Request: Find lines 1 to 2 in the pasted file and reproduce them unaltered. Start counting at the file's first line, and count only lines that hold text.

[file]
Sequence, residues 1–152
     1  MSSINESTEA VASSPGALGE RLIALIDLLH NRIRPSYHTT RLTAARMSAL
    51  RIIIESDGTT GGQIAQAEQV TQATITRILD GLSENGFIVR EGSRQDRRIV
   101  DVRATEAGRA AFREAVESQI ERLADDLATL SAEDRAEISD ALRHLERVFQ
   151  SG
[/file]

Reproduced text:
Sequence, residues 1–152
     1  MSSINESTEA VASSPGALGE RLIALIDLLH NRIRPSYHTT RLTAARMSAL